What a wonderful day it was at Yad v’shem, a day of closure for the lonely golden-ager. The soft smile remained on her lips, accompanying her into her dreams that night. Another wish fulfilled by Ezer Mizion’s Golden Age Program bringing a feeling of identity to so many whose self-image has been gradually becoming nothing more than a room number.
What is Ezer Mizion? In addition to its Bone Marrow Registry and many other services, it is a factory. And the product? The product is smiles. Sometimes the going is rough. We may not be able to cure the disease but we can ease the pain and bring a smile to a face that hasn’t smiled in days. Like little Rachel* who has seen more pain in her four years than most adults have seen in a lifetime. Chemotherapy has stolen her innocent childhood from her and now she is on the way to Vienna with her mother and twin sister to continue treatment. Her mother packed a suitcase of the basics and Ezer Mizion packed a suitcase of smiles. If there is something that can ease the pain of a sweet little four-year-old girl somewhat, it’s Hello Kitty and so loving hands packed up every imaginable Hello Kitty item… a suitcase of emotional strength for the grueling months ahead.Continue reading The Smile Factory
Countless families are living under the horrific tension of dealing with the life-threatening disease that we don’t even like to mention. The occasional relief of tension does wonders for their psyche and revives the spirit enabling it to partner with the body in its battle for life. To provide emotional relief from the tension of cancer, periodic retreats are scheduled where the whole family can re-bond in a convivial, upbeat atmosphere.Continue reading A Vacation from Cancer
It’s a talent. An innate ability found in only a few. The ability to notice. To really see. To understand what someone else needs. Only a few have it but the few can give it over to the many.
Chananya Chollak, who founded Ezer Mizion in 1979, was such a person. A new chosson (groom) who would be expected to be involved in his kallah (bride) and not be able to see anything outside of new marriage, was spending time with his hospitalized father-in-law and became aware of the many problems facing the families of the patients. It was there that several divisions of the future Ezer Mizion were born. What began with 8 volunteers to provide meals for family members spending hours at the hospital bedside and a professionally outfitted van to transport the wheelchair-bound has mushroomed into an empire of chessed with 30,000 volunteers, all who have absorbed Rav Chollak’s ability to really see and really care.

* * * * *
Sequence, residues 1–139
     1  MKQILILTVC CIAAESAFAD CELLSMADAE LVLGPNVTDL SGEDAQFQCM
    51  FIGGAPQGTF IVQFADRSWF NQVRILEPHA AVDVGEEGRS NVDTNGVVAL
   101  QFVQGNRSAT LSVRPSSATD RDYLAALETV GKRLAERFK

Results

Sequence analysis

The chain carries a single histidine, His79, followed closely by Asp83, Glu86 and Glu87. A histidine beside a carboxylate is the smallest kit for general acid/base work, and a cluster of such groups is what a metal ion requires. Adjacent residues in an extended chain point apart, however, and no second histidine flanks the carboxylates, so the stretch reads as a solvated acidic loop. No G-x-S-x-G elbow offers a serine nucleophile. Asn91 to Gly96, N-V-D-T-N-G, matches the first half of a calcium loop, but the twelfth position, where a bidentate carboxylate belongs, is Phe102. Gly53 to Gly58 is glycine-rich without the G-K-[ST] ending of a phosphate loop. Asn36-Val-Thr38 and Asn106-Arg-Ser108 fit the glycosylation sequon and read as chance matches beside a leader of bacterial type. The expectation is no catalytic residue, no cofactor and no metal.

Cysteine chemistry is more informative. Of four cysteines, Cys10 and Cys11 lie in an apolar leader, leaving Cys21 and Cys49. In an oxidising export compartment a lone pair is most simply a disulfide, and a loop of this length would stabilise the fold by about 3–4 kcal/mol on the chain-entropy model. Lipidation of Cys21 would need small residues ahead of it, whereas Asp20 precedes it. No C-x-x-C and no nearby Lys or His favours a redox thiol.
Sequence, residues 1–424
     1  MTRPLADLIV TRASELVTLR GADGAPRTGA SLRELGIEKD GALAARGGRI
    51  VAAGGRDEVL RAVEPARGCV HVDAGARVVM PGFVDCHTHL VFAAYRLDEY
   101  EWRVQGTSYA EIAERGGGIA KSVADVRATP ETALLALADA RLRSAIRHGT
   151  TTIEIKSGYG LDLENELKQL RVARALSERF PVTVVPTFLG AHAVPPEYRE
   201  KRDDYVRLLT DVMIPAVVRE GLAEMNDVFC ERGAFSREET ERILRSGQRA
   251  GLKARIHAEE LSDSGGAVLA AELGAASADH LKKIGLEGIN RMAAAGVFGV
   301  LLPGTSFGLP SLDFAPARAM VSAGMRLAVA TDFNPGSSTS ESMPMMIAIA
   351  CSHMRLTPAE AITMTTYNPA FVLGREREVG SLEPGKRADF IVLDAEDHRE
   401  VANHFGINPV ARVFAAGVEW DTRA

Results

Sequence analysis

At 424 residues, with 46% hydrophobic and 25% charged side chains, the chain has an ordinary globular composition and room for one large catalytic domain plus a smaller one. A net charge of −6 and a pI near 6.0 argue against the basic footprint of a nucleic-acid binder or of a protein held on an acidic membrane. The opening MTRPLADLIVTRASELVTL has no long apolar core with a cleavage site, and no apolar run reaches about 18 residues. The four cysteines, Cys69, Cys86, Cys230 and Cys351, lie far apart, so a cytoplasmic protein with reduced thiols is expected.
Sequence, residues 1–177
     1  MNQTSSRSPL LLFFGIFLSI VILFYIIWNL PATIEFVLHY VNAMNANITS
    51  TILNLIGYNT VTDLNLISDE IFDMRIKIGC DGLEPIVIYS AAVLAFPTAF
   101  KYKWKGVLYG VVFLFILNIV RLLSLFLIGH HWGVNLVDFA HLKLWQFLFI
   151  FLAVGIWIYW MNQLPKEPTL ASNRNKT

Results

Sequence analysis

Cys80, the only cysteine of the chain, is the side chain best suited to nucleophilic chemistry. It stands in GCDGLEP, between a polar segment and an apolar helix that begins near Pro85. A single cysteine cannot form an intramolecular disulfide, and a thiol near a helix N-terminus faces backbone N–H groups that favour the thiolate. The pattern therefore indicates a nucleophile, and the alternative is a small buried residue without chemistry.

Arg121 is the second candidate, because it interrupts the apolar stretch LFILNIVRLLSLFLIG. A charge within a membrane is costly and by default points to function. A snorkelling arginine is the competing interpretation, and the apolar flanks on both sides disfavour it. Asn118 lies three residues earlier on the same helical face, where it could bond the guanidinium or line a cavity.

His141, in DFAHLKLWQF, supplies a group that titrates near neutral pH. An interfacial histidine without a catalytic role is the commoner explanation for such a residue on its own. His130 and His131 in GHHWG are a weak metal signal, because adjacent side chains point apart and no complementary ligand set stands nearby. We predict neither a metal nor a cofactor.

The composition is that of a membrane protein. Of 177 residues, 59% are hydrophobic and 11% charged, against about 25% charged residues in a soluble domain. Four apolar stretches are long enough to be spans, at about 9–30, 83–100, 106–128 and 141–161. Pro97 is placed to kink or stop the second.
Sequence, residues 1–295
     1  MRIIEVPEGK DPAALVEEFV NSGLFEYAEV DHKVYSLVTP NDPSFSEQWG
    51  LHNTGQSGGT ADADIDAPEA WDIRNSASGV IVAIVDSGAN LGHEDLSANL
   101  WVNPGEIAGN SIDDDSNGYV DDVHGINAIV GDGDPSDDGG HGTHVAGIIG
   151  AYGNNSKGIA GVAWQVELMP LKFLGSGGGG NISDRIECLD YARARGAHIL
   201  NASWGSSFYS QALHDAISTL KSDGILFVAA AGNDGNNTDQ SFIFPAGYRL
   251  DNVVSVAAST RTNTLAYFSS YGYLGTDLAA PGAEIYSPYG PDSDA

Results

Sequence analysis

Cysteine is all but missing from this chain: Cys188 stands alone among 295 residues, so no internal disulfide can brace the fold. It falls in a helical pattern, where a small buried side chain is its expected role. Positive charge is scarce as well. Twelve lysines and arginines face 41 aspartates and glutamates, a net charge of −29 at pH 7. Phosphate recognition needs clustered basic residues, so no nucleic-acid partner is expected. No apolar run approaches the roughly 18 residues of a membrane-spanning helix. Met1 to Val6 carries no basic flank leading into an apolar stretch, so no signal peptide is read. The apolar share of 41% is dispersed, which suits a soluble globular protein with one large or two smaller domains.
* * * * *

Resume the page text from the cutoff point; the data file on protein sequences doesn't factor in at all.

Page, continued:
Like Rina, a patient in the oncology ward. She was battling for her life but right now, uppermost in her mind, was her daughter who would normally be celebrating her bas mitzvah. What with all energies going toward fighting the cancer, this most special day was expected to pass with hardly a blip. But Rina was an Ezer Mizion client and that made all the difference. Professional studio pictures taken at her home. A sweet table to vie those at the fanciest event. A cake donated for the occasion by an elite patisserie. A makeup artist for both of them who would wield the wand and turn them into princesses. No detail was omitted by Shula, the volunteer who really saw and really cared.
Then there was the recent fire in Yerushalayim. People were being evaluated en masse. The need to evacuate was obvious and the volunteers were working hard. What wasn’t so obvious is the fact that a group of yeshiva bochurim (students) had not had anything to eat since the early morning. Moments after they arrived to safety, there appeared pizza pies galore. The starving boys never would have asked but grins on their faces showed how welcome the unexpected treat was.
The first step in creating a new division is seeing the need. Matan in Nechalim was born because it became obvious to Rav Chollak that handicapped adults need something more than care. They need self-esteem – the kind that comes from accomplishment. And how can they accomplish when they cannot even move from here to there? Ideas were tossed around, debated, discarded, re-evaluated until a full program came into being. A program that gets these talented young people to leave their homes early, excited to begin their day. They’re taught 3-D printing, crafts, and much more…skills that can generate income, activities that create positive social interaction. Recently their creations were proudly displayed at a fair where crowds converged at the individual tables where each one’s products were admired and many purchased.
The files are filled with thank you notes from people who are longing to express their gratitude for the practical and emotional support. Many join our volunteer groups, anxious to give back to others what they received in their time of crisis. And many are accompanied by donations but none so poignant as the following written in childish scrawl: